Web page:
Well, because it doesn’t! Fruit, pastas, noodles and rice, in their whole-grain, unprocessed forms, also carry many other benefits, including fiber, vitamins, minerals, as well as protein and fat (in some cases), and the pastas, noodles and rice are rarely eaten without accompaniment in these cultures. Overall, then, their effect is, for the general population without allergic or other contraindications, very beneficial.

What’s lost in all this is that the processed, prepared, sugar-added foods are the culprit, not the carbs per se. These foods are very quick to digest and pack a high calorie punch, a double whammy that does, in fact, contribute directly to obesity and health issues related to it. So what are we to do to improve our health, wellness and lifestyle choices? It’s fairly simple – at the extreme, you can avoid any food that comes as a whole meal item in a package. Realistically, you can limit these choices, making, for example, a granola bar something you eat as a snack at the end of a meal rather than a snack on an empty stomach. Avoid HFCS-containing items as much as possible, and especially on an empty stomach. Why the “empty stomach” rule? Sucrose and HFCS, taken as the overwhelming calorie representative, in a food devoid of much else nutritionally, are rapidly absorbed into the bloodstream. This causes a huge rise in insulin levels, and much of the meal gets quickly driven into fat stores. That being said, a slice of white processed bread, in a sandwich, has a different effect because its processed sugar content is mixed in with all the meat and toppings in the sandwich. There are better nutritional choices than white bread, for sure, but you don’t have to be extreme, especially all at once, unless your health or waistline dictate otherwise!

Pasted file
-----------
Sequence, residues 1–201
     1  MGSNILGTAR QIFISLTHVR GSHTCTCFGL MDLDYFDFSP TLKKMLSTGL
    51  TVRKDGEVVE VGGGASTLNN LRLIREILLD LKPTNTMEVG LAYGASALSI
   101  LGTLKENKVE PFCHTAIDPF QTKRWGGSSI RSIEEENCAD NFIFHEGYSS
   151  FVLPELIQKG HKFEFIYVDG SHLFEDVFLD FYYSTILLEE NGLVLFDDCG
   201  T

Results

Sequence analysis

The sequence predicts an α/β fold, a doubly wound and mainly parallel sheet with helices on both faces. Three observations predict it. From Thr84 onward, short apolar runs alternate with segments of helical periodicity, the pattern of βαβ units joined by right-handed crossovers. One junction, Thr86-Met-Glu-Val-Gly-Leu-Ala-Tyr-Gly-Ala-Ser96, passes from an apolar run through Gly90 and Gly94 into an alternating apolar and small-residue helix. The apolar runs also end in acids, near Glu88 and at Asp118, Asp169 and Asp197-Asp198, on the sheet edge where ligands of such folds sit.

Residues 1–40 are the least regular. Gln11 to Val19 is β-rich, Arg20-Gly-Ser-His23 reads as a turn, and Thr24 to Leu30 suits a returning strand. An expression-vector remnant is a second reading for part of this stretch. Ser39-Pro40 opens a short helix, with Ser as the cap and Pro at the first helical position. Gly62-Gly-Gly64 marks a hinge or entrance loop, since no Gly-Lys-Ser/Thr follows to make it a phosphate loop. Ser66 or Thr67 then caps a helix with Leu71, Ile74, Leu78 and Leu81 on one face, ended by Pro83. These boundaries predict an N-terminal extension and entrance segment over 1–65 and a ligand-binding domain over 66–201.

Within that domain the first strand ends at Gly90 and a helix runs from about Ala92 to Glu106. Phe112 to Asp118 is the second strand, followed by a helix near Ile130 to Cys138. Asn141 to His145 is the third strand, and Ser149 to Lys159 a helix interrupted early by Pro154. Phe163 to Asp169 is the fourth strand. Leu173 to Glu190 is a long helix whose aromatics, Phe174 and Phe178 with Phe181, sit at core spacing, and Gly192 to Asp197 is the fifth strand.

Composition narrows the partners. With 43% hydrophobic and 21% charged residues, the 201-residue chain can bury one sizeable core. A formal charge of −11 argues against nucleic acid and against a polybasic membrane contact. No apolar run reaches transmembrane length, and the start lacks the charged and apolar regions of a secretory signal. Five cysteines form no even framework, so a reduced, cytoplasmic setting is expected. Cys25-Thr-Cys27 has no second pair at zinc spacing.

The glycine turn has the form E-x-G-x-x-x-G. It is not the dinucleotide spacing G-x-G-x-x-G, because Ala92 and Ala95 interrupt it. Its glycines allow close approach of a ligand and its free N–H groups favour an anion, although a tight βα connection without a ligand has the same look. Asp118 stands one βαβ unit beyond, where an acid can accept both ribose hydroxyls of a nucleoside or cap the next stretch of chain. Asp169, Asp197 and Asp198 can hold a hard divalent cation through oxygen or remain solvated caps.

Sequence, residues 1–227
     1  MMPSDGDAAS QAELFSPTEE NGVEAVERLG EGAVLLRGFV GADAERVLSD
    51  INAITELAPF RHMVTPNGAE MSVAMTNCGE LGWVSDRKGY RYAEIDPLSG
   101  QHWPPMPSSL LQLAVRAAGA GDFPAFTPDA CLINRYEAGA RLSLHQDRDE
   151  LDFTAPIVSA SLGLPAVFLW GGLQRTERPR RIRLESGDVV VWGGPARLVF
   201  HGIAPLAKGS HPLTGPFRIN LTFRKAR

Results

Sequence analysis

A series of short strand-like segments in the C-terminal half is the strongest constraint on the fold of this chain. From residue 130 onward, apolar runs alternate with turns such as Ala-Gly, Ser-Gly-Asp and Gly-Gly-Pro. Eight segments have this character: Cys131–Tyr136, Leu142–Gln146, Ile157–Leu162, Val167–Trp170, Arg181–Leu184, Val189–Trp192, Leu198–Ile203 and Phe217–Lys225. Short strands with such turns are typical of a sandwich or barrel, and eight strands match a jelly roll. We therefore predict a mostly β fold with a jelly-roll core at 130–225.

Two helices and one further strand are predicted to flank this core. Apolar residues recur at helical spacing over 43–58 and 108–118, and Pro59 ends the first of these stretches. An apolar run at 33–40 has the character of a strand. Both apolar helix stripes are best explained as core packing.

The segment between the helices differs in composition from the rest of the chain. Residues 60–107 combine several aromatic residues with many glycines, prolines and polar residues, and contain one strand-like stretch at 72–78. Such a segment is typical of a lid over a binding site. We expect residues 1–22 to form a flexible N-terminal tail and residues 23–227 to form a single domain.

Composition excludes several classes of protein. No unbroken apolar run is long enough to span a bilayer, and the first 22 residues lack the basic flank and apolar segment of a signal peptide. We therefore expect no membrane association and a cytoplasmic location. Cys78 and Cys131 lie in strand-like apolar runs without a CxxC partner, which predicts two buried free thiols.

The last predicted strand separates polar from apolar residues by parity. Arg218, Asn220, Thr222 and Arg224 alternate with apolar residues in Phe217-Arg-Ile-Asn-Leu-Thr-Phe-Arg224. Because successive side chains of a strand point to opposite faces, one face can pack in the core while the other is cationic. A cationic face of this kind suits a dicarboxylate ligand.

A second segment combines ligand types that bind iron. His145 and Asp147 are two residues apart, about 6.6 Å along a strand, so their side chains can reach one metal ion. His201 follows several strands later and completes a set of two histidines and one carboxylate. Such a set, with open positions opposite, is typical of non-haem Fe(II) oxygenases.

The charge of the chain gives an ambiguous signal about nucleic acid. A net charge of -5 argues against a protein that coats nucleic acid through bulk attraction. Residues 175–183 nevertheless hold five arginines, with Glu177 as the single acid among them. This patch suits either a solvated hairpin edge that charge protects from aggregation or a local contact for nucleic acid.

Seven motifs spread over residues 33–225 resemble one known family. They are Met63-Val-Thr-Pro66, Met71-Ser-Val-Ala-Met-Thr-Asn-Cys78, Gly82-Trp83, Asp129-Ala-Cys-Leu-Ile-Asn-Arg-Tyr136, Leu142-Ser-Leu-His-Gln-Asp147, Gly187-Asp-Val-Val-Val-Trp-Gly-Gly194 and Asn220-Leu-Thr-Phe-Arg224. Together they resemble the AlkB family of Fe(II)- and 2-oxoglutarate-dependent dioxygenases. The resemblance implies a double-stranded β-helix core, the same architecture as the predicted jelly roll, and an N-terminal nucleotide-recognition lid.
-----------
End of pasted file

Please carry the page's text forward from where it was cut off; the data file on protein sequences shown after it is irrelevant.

A great number of foods touted as “natural” or “healthy” are anything but, so be careful. Smoothies are one example. Made in your home, with a blender, a liquid (e.g., OJ or milk or yogurt) and several pieces of fruit, they’re good and good-for-you. Bought over the counter in most settings, they’re loaded with sucrose/HFCS and fruit-flavored syrup, which is also loaded with HFCS and, perhaps, contains a slice or two of fruit in the 20oz drink. Most cereals have more sugar/HFCS in them than the grain from which they’re supposed to be made. The list goes on, but to keep it as simple as possible, avoid foods that list sucrose, HFCS, honey or brown sugar/raw sugar as the first ingredient. Keep the food you eat looking as close to its natural state as possible – if it looks like what it did growing in the ground, it’s a carb you can afford to eat in most cases, without risking weight gain from the content of the food. Finally, make sure you’ve taken advantage of our service to help you match your overall calorie intake with your activity level and goals. Eating an apple a day keeps the doctor away, as the they say, but eating enough apples (if it was possible) to exceed your daily calorie needs by several hundred calories is going to make you gain weight, for certain! As always, consider us a resource. We welcome your questions.